What is Depth of Field?

Digital Camera Basics

If you've ever wondered why some photos have a sharp subject but everything else in the foreground and background are out of focus, but other photos are sharp from near to far, it's all about depth of field (DOF).

DOF is the distance in front of and behind the subject that is appears in focus. Focus falls off in front of and behind the subject.

The good news is that you can control the depth of field. If you've just unwrapped your first digital SLR, that control can be right at your fingertips. Let me show you how.

Shallow depth of field is useful when you want a distinct subject to stand out from everything else. Photojournalists, on the other hand, may prefer a deep depth of field to take in the environment surrounding a subject, or to depict simultaneous action near and far in the same photo.

Three pillars of DOF

Depth of field is controlled by three things: the focal length of the lens being used, the distance between lens and subject, and the aperture being used. Let's look at each.

Lens length: The longer the lens, the narrower the depth of field, all other things being equal. Conversely, the shorter the lens, the deeper the focus.

Exercise: Take a zoom lens, zoom to the longest tele setting, and focus on something at a medium distance. You'll see the background go out of focus. Now lock focus and zoom out slowly. Take note of what happens to the blurriness as you zoom out.

Telephoto effect: In this portrait of my daughter, the background was a bit busy. I zoomed out to 150mm and used the longer focal length to isolate her from the background.

Wide-angle inclusiveness: I wanted to show all the detail in this shot in the Florida Everglades, so I used an 18mm wide-angle lens, and everything in this scenic is sharp. The added benefit? It took a lot of detail in.

Focus distance: The closer you are to your subject, the narrower the depth of field, again all other things being equal. The farther away you are, the deeper the focus depth. For example, if you are photographing a flower up close, objects a few inches away from the focus plane will appear blurred, but if you're photographing a scenic, nearly everything will appear sharp.

Real world test: If you have a lens that focuses down to 1:4, 1:3, etc., you will see this effect work as you look through the viewfinder. Try it now!

Aperture: The wider the aperture (or "f-stop"), the narrower the depth of field. The smaller the aperture, the deeper the focus depth. Many photographers use this simple formula to manipulate how much of the scene they're photographing will be in focus, and will also use aperture to affect how out of focus the background will appear.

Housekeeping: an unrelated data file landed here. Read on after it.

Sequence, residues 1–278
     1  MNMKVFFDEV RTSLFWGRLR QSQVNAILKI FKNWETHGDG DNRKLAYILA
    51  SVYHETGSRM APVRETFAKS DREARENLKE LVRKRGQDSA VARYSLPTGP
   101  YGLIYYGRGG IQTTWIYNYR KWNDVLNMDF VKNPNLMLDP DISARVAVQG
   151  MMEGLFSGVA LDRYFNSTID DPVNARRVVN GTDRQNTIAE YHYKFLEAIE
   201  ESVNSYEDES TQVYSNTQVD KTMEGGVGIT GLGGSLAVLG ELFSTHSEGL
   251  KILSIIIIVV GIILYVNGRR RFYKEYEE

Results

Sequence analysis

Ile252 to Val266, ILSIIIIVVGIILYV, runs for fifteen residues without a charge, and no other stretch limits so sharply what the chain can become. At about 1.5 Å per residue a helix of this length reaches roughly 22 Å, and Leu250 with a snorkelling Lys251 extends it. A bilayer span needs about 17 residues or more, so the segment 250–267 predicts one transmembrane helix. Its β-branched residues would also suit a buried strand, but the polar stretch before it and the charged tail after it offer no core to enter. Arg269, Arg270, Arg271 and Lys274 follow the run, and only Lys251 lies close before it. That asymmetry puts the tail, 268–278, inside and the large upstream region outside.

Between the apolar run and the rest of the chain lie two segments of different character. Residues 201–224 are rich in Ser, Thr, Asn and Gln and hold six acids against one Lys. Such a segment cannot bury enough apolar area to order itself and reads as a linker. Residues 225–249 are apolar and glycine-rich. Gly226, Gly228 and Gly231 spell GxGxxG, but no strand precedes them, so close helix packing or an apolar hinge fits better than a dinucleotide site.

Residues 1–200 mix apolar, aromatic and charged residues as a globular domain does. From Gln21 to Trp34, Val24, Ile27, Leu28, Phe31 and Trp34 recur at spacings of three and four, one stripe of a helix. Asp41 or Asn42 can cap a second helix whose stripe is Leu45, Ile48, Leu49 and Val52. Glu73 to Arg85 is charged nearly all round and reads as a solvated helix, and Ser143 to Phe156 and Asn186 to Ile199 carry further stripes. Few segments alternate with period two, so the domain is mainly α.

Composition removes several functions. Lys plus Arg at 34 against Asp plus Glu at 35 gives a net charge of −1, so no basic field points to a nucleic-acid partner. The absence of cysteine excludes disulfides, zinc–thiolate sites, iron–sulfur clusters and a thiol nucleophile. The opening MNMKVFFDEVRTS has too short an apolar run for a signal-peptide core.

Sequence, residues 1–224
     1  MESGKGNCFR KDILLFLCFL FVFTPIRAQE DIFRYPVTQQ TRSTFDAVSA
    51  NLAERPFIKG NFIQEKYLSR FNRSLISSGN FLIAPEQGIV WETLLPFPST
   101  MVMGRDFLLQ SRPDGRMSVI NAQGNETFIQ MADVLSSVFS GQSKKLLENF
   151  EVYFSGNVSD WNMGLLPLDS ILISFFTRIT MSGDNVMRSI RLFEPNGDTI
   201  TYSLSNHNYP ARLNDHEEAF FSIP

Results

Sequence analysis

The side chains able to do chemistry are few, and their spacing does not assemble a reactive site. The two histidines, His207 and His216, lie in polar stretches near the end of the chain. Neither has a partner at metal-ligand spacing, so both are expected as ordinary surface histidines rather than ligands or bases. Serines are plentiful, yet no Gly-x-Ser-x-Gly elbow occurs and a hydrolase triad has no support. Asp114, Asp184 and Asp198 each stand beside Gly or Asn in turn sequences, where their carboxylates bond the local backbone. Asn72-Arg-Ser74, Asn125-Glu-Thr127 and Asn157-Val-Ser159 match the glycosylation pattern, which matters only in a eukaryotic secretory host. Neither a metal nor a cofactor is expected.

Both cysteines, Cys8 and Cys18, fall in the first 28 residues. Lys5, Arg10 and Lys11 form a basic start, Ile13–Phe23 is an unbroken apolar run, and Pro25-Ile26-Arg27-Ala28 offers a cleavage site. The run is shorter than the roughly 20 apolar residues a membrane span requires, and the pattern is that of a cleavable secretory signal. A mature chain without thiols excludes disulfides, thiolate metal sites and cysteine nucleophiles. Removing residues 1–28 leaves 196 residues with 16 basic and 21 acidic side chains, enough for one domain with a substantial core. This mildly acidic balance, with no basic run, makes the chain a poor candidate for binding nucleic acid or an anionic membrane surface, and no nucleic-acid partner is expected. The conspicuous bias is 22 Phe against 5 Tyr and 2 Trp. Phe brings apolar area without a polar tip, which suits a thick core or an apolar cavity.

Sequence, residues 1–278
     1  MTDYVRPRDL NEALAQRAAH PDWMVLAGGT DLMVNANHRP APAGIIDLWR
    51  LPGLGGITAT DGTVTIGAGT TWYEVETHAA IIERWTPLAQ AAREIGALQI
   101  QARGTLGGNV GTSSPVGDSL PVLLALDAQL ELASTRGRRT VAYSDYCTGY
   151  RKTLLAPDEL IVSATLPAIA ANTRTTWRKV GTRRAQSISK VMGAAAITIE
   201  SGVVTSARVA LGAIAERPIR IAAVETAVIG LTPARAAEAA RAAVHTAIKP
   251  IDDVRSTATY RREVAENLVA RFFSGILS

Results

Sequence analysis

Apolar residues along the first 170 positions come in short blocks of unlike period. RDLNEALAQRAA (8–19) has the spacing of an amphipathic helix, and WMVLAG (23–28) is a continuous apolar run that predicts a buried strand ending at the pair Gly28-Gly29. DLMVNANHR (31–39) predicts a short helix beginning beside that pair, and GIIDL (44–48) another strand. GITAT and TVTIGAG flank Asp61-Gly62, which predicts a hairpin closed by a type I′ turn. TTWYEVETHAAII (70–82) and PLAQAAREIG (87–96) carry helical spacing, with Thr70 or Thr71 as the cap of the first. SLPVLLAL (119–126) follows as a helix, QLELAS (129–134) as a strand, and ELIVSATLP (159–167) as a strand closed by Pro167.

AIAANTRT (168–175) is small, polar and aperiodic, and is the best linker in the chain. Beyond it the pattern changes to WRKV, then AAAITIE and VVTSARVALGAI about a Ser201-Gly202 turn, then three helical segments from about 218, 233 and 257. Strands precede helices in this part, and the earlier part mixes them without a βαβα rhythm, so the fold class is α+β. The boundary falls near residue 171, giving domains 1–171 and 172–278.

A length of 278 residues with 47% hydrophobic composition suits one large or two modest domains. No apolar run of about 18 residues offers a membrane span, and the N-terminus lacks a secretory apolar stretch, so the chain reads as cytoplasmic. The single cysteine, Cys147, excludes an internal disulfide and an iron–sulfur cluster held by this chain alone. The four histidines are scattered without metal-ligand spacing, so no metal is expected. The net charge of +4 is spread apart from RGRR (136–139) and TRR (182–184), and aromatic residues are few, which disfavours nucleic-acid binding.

Wide-open selective focus: Only the red and dark purple pencils are in focus in this close shot that was taken at f/2, a wide-open aperture on a 60mm macro lens.
Middle aperture, fairly sharp: Most of the pencils here are sharp at a middle aperture setting of f/8. However, the closest and farthest pencils are still out of focus. The focus starts to fall off with the light orange pencil in the foreground, and the deep blue pencil towards the background.
Narrowest aperture, deepest focus: Almost all the pencils are sharp when shot at f/22, my lens's smallest aperture setting.

A caveat: There is a price to pay for shooting small apertures, which is that your shutter speed must slow down, and/or you need to boost your digital camera's ISO setting. Both can adversely effect image quality, so use image stabilization if you've got it, or bring a tripod. (Same can be said for shooting macro or with telephoto lenses. That's why tripods are such essential tools for serious photographers.)

Tip: If you're a DSLR newbie, be sure to set your camera on its Aperture Priority setting so you can adjust the lens's aperture. Directions, different for each camera, are in the manual.

No change in distance--but look at how focal length changes focus!

In the following three photos, I focused on the same plane of focus without moving or changing the aperture; all I did was zoom. The two clothespins are approximately equal distance to where I was standing. But look at what happens to the background!

This first shot was made at the 50mm setting. Note how distracting the background is. Not a very useable composition.

In this shot I've zoomed in to 100mm--doubling the focal length. Look at the big difference it makes in separating the subject from the background. You can even see the spider web!

At 200mm, the scene is transformed yet again, with one item in focus and everything else thrown into deep blur. Notice how quickly focus falls off at this focal length.

One of the reasons sports photographers love long telephoto lenses is that, in addition to bringing you right into the action, these lenses have naturally narrow depth of field, which helps sports shooters isolate their subjects for compelling shots.

But as you can see here, even a more modest focal length range can still give you a lot of control--especially now that you know how the three elements of DOF control work together

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